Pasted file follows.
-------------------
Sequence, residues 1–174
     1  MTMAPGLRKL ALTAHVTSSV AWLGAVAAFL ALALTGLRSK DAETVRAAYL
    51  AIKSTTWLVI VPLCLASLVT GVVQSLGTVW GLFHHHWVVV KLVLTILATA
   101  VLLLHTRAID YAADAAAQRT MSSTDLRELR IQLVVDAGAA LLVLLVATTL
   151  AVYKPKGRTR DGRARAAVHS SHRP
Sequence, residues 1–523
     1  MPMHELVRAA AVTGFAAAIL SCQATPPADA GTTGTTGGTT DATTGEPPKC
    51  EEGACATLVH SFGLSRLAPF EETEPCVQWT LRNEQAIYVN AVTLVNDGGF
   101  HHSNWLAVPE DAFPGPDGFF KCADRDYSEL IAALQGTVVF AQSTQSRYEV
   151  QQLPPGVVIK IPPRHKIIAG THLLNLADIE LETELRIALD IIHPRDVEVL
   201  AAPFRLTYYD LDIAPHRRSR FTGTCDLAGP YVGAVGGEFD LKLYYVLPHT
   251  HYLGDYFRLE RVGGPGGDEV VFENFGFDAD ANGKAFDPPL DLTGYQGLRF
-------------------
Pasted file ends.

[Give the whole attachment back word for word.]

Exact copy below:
Sequence, residues 1–174
     1  MTMAPGLRKL ALTAHVTSSV AWLGAVAAFL ALALTGLRSK DAETVRAAYL
    51  AIKSTTWLVI VPLCLASLVT GVVQSLGTVW GLFHHHWVVV KLVLTILATA
   101  VLLLHTRAID YAADAAAQRT MSSTDLRELR IQLVVDAGAA LLVLLVATTL
   151  AVYKPKGRTR DGRARAAVHS SHRP
Sequence, residues 1–523
     1  MPMHELVRAA AVTGFAAAIL SCQATPPADA GTTGTTGGTT DATTGEPPKC
    51  EEGACATLVH SFGLSRLAPF EETEPCVQWT LRNEQAIYVN AVTLVNDGGF
   101  HHSNWLAVPE DAFPGPDGFF KCADRDYSEL IAALQGTVVF AQSTQSRYEV
   151  QQLPPGVVIK IPPRHKIIAG THLLNLADIE LETELRIALD IIHPRDVEVL
   201  AAPFRLTYYD LDIAPHRRSR FTGTCDLAGP YVGAVGGEFD LKLYYVLPHT
   251  HYLGDYFRLE RVGGPGGDEV VFENFGFDAD ANGKAFDPPL DLTGYQGLRF